For dense gas we means a fluid in supercritical state (SCF). It is a fluid (typically CO2 - carbon dioxide) with low molecular weight having a critical temperature close to ambient temperature (TC ~ 10 ÷ 40 º C) and a critical pressure is not too high (PC ~ 40 ÷ 60 bar).
The light hydrocarbons having these physical properties but have the problem and toxicity. Certain chlorofluorocarbons lend themselves to relatively expensive but are obtained at high purity and are now banned for environmental acceptability.
Carbon dioxide, although a slightly higher critical pressure (PC = 72.1 bar), offers other attractive properties that make it more fluid used in applications:
- environmental acceptability;
- low cost at high purities for the possibility of continuous recycling of gas;
The ability to modulate the density of SCF through modest changes in temperature and pressure, especially in the neighborhood of critical point (CP), is the distinguishing factor of these fluids. In this way we introduce as additional variable in the control of a process of separation and / or extraction pressure. Another important aspect for the quality of the final product is the ability to process the matrix in a gas saturated environment (typically CO2) inside extractor, pasteurizator, fractionation tower, micronization room, etc..) and thus obtain a product altered by oxidation.
At the present is our belief that the use of supercritical fluids has some interesting perspectives in industrial cases in which:
- the application of technology achieves more value due to the quality of the final product and complete environmental acceptability,
- the realization of scale economies in the scaling of industrial application makes comparable and competitive production cost with that of traditional technology,
- you are in the presence of thermolabile substances that are altered in traditional processes, resulting in loss of activity of the product.
The use of supercritical fluids (SCF) as solvents in separation techniques from the last decades has found wide application in the extraction (SFE Supercritical Fluid Extraction). It is currently also having significant developments in the processes of fractionation, "cold" pasteurization of liquid and in applications in the pharmaceutical field. After the first industrial applications of supercritical fluids (decaf, purification), the use of SCF is now applied in the pharmaceutical industry. A particular interest has arisen about the possibility of reducing the size of valuable and heat-sensitive substances, such as pharmaceuticals. Control over the size of the drug it would enable a specific use in administering to the patient. The conventional processes of size reduction have undoubted disadvantages:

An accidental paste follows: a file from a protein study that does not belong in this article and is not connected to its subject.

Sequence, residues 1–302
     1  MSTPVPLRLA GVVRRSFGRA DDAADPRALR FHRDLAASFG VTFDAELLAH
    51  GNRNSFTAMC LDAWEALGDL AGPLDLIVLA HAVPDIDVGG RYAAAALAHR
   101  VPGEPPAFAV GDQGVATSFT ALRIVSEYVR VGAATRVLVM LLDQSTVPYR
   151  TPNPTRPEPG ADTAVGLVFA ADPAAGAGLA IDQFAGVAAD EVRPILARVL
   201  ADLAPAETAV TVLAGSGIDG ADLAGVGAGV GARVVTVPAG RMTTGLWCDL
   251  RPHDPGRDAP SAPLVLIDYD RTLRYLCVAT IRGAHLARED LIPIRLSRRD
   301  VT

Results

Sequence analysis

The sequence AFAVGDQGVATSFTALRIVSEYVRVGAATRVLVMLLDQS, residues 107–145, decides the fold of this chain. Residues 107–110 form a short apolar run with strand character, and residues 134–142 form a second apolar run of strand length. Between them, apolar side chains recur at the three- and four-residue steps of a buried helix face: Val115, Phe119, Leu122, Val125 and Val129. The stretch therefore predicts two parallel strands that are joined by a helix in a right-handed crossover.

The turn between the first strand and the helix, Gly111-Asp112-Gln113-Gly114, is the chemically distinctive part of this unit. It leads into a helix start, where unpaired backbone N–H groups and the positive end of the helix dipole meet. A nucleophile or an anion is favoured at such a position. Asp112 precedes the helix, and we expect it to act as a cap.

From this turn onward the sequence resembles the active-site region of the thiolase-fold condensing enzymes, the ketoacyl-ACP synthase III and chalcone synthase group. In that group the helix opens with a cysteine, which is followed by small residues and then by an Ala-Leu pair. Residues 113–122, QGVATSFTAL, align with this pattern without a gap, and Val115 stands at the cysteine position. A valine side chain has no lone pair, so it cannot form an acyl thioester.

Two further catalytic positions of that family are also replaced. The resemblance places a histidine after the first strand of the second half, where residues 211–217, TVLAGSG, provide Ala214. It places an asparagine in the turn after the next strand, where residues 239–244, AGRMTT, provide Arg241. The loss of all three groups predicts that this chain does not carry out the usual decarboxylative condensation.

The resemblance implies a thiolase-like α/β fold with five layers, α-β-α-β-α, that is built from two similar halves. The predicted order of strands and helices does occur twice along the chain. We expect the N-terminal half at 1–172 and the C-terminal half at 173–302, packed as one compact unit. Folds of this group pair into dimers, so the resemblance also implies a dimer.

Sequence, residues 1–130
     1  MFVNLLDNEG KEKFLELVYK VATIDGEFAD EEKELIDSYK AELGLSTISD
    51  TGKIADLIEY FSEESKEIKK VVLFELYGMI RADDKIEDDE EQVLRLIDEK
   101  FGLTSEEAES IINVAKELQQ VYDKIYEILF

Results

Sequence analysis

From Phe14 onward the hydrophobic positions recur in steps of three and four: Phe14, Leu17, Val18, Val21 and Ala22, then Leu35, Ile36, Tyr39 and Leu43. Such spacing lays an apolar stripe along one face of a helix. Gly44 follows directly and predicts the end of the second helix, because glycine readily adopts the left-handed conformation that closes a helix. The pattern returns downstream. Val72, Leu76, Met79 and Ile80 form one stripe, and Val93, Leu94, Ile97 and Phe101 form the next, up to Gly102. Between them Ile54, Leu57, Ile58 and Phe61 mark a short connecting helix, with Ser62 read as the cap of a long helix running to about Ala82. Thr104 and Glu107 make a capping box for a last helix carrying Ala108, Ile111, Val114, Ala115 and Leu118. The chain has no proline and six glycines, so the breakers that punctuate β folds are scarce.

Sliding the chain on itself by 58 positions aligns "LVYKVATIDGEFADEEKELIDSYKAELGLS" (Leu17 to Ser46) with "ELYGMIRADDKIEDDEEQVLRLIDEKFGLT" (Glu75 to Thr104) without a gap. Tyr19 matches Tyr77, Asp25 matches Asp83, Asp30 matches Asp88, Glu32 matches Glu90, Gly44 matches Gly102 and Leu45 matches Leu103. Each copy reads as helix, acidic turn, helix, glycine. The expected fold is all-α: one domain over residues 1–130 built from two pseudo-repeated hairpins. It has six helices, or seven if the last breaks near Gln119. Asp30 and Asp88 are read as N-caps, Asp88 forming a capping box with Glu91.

- in milling, due to strong friction between the particles, the temperature undergoes localized elevations of the resulting degradation of the substance;
- crystallization occurs in the incorporation of the solvent and is always difficult to control the size of the precipitate.
Extraction from herbaceous matrices
- Supercritical fluid extraction (SFE) of essential oils, resin oils, dyes, active principles from vegetable matrices (roots, leaves, rhizomas, flowers); fields of interest: food, cosmetic, pharmaceutical industry
- Extraction of biologically active molecules from solid natural stuff, as medicinal plants; particular interest is addressed to chlorinated and organic solvents substitution
- Extraction and fractionation of active molecules from diluted media, as fermentation broth, or from natural and synthetic liquid sources
- Production of enriched fractions
- Dewaxing of natural products
Fractionation of liquid feeds
- Husk oil, refined oil, and rape oil treatment for acidity and sterolic content reduction, pigments (charotenoids, chlorofill) and waxes removal
- Recovery of tocopherols from deodorizer condensates oils
Purification of synthetic-end products
- Organic solvent removal from pharmaceuticals (dichloromethane, isobuthyl alcohol)
- Substitution of chlorinated solvents in cosmetics industry
- Inpregnation of synthetic or natural polymer matrices for preparing highly disperded catalysts, controlled drug delivery systems or to improve the matrix properties tablet coating, to avoid the use of organic solvents
- Crystallization and atomization through the rapid expansion of a supercritical solution (RESS, rapid expansion of supercritical solution): application to antibiothic (salicylic acid), antimicotics (griseofulvin), hormones (progesteron, testosteron)
- Precipitation induced by SC antisolvent effect (SAS, supercritical antisolvent precipitation) starting from homogeneous solutions: batch and continuous process; application to biopolymers and drugs (ialuronic acid, pentamidine, salbuthanol)
- Encapsulation of pharmaceuticals with biocompatible polymers (ethylcellulose, acrylic polymers) via SAS technique starting from heterogeneous solutions: batch process
- Reaction and fractionation combination with possibility of organic solvent substitution, easy downward processing permitting reactants recycle and high reaction rates in relation with high diffusivity in the supercritical (SC) solvent